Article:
It takes me four to six hours to write a blog post like this, this! a little nothing of a blog post! I am thin largely because I have a debilitating chronic illness that interferes with digestion and absorption. If I am full of energy and warmth when we meet at an event or a conference, it is because I am genuinely happy to see you, but it is also because I have spent days resting up before (and will likely follow it up with days more on the other end).

* * *

More than any other type of email, I get email that says “I had no idea anyone else felt that way.”

For now, for always, for that day I finally hang up my spurs and buy my own billowy dress to hang in my own seaside shack, everyone feels that way. Everyone feels good/bad/ugly/hopeless/mighty/sad/small/indifferent.

And it always takes longer than you think it will (except when it doesn’t).

And there is always a backstory (even if its a boring one).

And an ad is rarely the truth.

And the truth is always the only way out of wherever you are…


1I do have several friends who provide a valuable service as Debbie Downers, posting about their ill moods, misfortunes, and Armaggedon. I pause here to thank you. Bring on those horsemen!

Image by jesse.millan via Flickr, used under a Creative Commons license.


  1. A beautiful post. Thank you for sharing, and reminding us of what’s outside the frame.
    Hope your health improves.

  2. Thank you! Your modern essay-blogs are always good, often great — but this one is just dazzling….thanks for reminding me (former advertising creative person and now actor …sigh/yay) to remember that everyone is struggling in some way — a key to letting the ebb and flow of life not define one at the low points in contrast to glimpses everyone else’s (personal or manufactured) high points…

  3. Colleen,
    Shouldn’t the woman in the photo be thinner. And have a man? Where’s the energetic dog? What’s the matter with her if she doesn’t have a perfect child(ren)? If my truth can’t be ideal, I don’t think I want it.

    Seriously, thanks yet again for the thoughtful, real-life insights. Wisdom and compassion are fruits of pain.

    1. Haha. Touché!

      It’s funny, because as I was combing through the CC stuff on Flickr I actually found myself getting mad because nothing looked as ridiculously styled and airbrushed as some stupid ad. Ridiculous, but true!

  4. So fucking true. I don’t like being lied to either. Yet, as a commercial photographer, I am at times a a participant to the making of these damned dreamscapes. Ugh!

  5. Thank you for this deep, important insight. A big dope slap for me this a.m., well-needed & highly appreciated. LOVE the running-on-the-beach-dress, perfect metaphor.
    I was enjoying a small moment of pure happiness for absolutely no reason this a.m., and now i treasure it all the more. Because THAT moment is the real one, not the magazine ad. And sometimes I forget that. :^)

  6. Thank you – that was wonderful. I have pinned THIS article up in my internal bulletin board along with the title FORGET POSTCARD LIVING. Take care

  7. Thank you for this, dear Colleen. Just what I needed on a Monday morning. “Most of life is mundane and most of life is work…” Yes, this is the truth. And that is okay. Makes me think of that commercial where the guy makes fun of people who want to buy a vineyard for retirement – ridiculous! Let’s be real, people.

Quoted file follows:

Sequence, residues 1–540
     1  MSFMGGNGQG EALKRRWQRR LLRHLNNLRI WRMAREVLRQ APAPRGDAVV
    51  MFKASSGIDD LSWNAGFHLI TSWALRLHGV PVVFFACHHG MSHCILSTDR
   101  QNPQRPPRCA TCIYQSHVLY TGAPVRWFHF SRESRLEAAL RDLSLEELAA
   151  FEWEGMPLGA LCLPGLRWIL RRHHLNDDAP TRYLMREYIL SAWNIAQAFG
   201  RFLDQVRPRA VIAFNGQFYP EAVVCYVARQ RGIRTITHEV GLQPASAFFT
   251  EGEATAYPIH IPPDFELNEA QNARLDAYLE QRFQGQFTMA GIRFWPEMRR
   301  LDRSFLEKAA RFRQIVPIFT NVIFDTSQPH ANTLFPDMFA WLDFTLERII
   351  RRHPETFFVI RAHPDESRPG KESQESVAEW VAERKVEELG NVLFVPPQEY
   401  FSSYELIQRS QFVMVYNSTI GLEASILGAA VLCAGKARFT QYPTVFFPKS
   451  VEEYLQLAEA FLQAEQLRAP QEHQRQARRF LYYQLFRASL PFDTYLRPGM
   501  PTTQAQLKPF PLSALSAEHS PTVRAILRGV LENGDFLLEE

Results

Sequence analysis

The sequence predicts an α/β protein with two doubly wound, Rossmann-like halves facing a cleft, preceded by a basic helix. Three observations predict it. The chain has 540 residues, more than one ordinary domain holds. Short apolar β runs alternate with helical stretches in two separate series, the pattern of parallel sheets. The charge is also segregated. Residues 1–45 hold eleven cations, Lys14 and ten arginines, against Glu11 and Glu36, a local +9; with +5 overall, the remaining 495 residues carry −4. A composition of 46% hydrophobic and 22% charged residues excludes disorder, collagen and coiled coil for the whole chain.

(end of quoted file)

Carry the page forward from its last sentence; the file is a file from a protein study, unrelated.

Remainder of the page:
1. I have not seen this, as I gave up TV some time ago. (Too susceptible, too weak!)

      But yes, a perfect analogy. Especially since it was served up in an ad.

      I just made my own head hurt.

  8. A. Fucking. Men.

    And you are a dear, dear person for divulging (re-iterating?) some writing/resting numbers… your encouraging, *human* hand extended behind you! (’cause I still don’t know how you get it all done.)

    Thank you, Woman.

  9. Thank you for this eloquent slice of reality and a valuable way to think about those idealized images of life. Postcards belong in the scrapbook, while we concentrate on what’s outside the frame.

    Glad you’re back on track – keep feeling better.

  10. oh colleen,

    such yummy food for thought.

    just returned from a rally (rally!) with havi brooks. i had a postcard picture of how that was supposed to work and it was all pretty and sparkly and fun. how it really worked was prickly and “ugh” and “i can’t believe i’m STILL dealing with my same shit” and some sparkly/fun…. so many lessons.

    i think i’m going to spend some time pulling out the postcards i’ve been holding on to and re-evaluate (?) them? like “hmmmm, i spend a lot of time longingly looking at this postcard of my “old” life living in the big fancy house with my husband and a “real” job, etc. but did life really look like that? was i happier?”

    yay….more work….thanks ;-)

    (i love your stuff)


  11. That was a well-spent four to six hours, and its result was far, far from nothing. Telling the truth, which you do so adamantly and so well, is never “nothing.” Thank you.

  12. wow! i found your website through Sarah J Bray, and i must say it’s a revelation. I look forward to your emails and actually cozy up and read them all–every word. I follow hundreds of blogs (occupational hazard) and yours is my new fave! So true what you say about facebook–I have a love/hate relationship with it. It’s a very odd bird, and you explained nicely why. And like Rob Penner above, I am a commercial photographer and do struggle with that artistic pull to create beautiful images that have no real basis in reality. I personally have started documenting my 3 year old in the most normal or moments–in her diaper with crazy hair, splashing in the bath, messy faces–all those real, non-postcard moments–and I don’t share them with anyone. They are just for me. And what do I post on my blog?–the highly stylized ones. The postcard ones. It’s like I’m keeping the real child to myself…again–the weirdness that is facebook. :) Thanks for sharing!!